Food as Medicine: Michael Greger at TEDxSedona (Full Transcript)

Michael Greger is a physician, author, and internationally recognized professional speaker on a number of important public health issues. You can read the full bio here.

Below is the full text of Dr. Greger ‘s TEDx Talk titled “Food as Medicine” at TEDxSedona conference. This event occurred on October 14, 2017.

 

 

TRANSCRIPT: 

On a personal note, this is a picture of me taken around the time that my grandmother was diagnosed with end-stage heart disease and sent home to die.

She already had so many bypass surgeries, basically run out of plumbing, confined to a wheel chair, crushing chest pain. Her life was over at age 65.

But then she heard about this guy, Nathan Pritikin, one of our early lifestyle medicine pioneers, and what happened next is actually detailed in Pritikin’s biography.

My grandma was one of the “death’s door” people. Frances Greger, my grandmother, arrived in a wheel chair. Mrs Greger had heart disease, angina, claudication. Her condition is so bad, she could no longer walk without great pain in her chest and legs.

Within three weeks, though, she was not only out of her wheelchair, she was walking 10 miles a day!

Here’s a picture of my grandma at her grandson’s wedding, 15 years after doctors abandoned her to die. She was given a medical death sentence at age 65, but thanks to a healthy diet, she was able to enjoy another 31 years on this planet until age 96 to enjoy her six grand kids, including me. That’s why I went into medicine.

Years later, when Dr Dean Ornish published his landmark lifestyle heart trial, proving with something called quantitative angiography, that indeed heart disease could be reversed, arteries opened up, without drugs, without surgery, just a plant-based diet and lifestyle program, I assumed this was going to be the game changer.

My family had seen it with their own eyes, but here it was in black and white, published in some of the most prestigious medical journals in the world, yet nothing happened.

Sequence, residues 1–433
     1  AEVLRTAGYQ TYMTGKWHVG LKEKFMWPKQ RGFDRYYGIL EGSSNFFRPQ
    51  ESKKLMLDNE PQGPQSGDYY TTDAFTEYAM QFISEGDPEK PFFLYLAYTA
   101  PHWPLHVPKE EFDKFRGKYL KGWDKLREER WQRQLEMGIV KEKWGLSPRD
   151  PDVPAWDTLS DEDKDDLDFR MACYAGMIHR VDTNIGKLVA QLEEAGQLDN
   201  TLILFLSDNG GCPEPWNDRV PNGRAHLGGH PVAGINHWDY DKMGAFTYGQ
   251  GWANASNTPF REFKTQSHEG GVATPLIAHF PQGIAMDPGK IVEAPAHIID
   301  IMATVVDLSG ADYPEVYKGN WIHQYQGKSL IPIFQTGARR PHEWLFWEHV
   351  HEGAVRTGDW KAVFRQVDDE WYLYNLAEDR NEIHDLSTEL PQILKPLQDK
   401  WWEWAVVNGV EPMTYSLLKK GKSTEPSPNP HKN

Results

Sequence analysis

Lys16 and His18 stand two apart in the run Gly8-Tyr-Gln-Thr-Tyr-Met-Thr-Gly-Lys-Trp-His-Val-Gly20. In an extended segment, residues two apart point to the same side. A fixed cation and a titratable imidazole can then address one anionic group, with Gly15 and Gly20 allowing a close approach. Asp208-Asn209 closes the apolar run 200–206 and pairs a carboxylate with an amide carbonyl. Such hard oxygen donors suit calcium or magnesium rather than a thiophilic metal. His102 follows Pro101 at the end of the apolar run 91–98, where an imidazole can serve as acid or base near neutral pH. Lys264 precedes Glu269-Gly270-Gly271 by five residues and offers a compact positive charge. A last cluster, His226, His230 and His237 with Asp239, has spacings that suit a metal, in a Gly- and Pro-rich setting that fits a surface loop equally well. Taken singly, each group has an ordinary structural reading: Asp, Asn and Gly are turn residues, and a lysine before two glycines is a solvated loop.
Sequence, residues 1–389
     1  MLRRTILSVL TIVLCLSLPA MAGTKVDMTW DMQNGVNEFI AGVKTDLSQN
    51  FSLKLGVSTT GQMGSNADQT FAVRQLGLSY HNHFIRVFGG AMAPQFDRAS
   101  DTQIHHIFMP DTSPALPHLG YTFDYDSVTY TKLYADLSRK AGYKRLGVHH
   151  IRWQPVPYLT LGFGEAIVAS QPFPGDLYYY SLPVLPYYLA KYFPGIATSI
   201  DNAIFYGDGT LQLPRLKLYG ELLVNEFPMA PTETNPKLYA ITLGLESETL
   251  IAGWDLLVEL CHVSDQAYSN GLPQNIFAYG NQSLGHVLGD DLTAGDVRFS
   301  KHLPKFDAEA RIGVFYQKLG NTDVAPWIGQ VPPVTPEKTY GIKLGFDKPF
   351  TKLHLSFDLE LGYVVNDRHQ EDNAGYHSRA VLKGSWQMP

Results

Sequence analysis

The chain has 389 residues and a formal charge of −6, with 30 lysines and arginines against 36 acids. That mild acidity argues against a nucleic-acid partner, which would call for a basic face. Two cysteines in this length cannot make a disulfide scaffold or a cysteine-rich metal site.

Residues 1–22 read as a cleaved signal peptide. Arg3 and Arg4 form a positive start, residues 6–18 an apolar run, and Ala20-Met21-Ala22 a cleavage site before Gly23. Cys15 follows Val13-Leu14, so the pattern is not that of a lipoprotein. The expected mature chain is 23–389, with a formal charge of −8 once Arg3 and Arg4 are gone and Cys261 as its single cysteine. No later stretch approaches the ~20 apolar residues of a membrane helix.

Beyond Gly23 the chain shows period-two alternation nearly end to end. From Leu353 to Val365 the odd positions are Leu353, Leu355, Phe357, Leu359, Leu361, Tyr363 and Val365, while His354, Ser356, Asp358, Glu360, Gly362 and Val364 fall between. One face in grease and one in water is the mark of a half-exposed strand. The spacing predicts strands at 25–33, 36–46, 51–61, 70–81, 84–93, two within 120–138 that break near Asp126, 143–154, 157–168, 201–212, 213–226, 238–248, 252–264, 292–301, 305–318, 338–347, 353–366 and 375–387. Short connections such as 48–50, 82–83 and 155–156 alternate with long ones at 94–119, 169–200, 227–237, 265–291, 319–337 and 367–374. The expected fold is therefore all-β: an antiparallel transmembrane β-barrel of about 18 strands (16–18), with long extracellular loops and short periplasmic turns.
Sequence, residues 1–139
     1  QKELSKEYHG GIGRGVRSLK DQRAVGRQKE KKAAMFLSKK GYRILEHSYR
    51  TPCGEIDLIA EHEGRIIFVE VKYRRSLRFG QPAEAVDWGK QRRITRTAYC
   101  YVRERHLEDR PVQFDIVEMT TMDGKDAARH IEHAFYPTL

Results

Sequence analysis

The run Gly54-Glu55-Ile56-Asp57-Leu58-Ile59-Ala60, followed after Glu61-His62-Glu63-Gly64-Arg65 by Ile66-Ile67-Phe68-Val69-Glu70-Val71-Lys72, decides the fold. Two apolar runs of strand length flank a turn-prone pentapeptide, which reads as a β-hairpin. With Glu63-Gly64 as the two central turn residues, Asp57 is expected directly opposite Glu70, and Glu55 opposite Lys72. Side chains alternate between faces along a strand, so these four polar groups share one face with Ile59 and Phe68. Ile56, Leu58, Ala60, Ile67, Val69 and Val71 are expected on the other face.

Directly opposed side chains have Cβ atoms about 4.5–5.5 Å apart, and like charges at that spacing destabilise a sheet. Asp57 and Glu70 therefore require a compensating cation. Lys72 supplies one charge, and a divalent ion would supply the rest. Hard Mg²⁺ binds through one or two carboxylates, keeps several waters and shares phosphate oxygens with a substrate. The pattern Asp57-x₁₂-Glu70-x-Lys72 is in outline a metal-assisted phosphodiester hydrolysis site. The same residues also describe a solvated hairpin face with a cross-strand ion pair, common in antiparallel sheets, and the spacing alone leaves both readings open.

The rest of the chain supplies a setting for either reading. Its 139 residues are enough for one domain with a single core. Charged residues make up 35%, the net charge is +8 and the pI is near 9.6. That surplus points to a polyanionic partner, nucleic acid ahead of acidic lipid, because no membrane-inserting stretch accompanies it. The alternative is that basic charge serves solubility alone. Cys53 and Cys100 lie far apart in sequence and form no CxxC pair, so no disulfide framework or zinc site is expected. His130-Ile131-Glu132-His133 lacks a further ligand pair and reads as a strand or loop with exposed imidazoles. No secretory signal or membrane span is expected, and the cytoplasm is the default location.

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I said, “Wait a second. If effectively the cure to our number one killer could get lost down some rabbit hole and ignored, what else might there be in the medical literature that could help my patients, but just didn’t have a corporate budget driving its promotion?”

Well, I made it my life’s mission to find out. For those who are not familiar with my work, every year I read through every issue of every English language nutrition journal in the world so busy folks like you don’t have to.

I then compile the most interesting, ground-breaking, and practical findings in new videos and articles I upload daily to my nonprofit site, NutritionFacts.org.

Everything on the website is free. There are no ads and no corporate sponsorships. Strictly non-commercial. Not selling anything. Just put it up as a public service, as a labor of love, as a tribute to my grandmother.

New videos and articles every day on the latest in evidence-based nutrition. What a concept!

So where did Pritikin get his evidence from?

A network of missionary hospitals set up throughout sub-Saharan Africa uncovered what may be one of the most important medical advance — according to one of our best medical figures of the last century, Dr Denis Burkit — the fact that many of our major and commonest diseases were universally rare, like heart disease.

In the African population of Uganda, for example, coronary heart disease was almost non-existent. Wait a second, our number one killer almost non-existent? What were they eating?

Well, they’re eating lots of vegetables and grains and greens, and their protein almost entirely from plant sources, and they had the cholesterol levels to prove it, very similar to what one sees in kind of a modern day plant eater.

You say, “Wait a second. Maybe they were just dying early, never lived long enough to get heart disease.” No.

Here’s age-matched heart attack rates in Uganda versus St Louis. Out of 632 autopsies in Uganda, only one myocardial infarction. Out of 632 age and gender matched autopsies in Missouri, 136 myocardial infarctions — more than 100 times the rate of our leading killer.

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They were so blown away, went back, did another 800 autopsies in Uganda. Still just that one small healed infarct; it wasn’t even the cause of death.

Out of 1,427 patients, less than 1/1,000, whereas here our disease is an epidemic. Atherosclerosis, hardening of arteries, is a disease that begins in childhood.

By age 10, nearly all the kids raised on the standard American diet already have fatty streaks building up inside of their arteries — the first stage of the disease.

These streaks then turn into plaques in our 20s, get worse in our 30s, and then can start killing us off. In the heart, it’s called a heart attack; in the brain, the same disease can cause a stroke.

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